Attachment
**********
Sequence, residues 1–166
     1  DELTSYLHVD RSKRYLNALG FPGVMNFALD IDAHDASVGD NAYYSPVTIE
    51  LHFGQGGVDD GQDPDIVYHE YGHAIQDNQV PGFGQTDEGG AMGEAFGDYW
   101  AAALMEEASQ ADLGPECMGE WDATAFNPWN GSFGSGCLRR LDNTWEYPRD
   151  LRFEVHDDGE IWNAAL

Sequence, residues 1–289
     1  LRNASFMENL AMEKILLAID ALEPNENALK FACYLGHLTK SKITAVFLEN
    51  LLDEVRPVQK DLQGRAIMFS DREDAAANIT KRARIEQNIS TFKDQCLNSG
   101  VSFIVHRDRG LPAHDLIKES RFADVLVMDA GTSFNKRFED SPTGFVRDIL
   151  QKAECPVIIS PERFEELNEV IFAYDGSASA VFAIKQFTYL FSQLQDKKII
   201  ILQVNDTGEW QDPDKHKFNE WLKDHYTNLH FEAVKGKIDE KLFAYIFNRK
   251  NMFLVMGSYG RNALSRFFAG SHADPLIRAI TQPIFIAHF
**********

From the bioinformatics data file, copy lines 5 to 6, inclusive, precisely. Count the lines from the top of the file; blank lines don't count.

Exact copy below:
   151  LRFEVHDDGE IWNAAL

Sequence, residues 1–289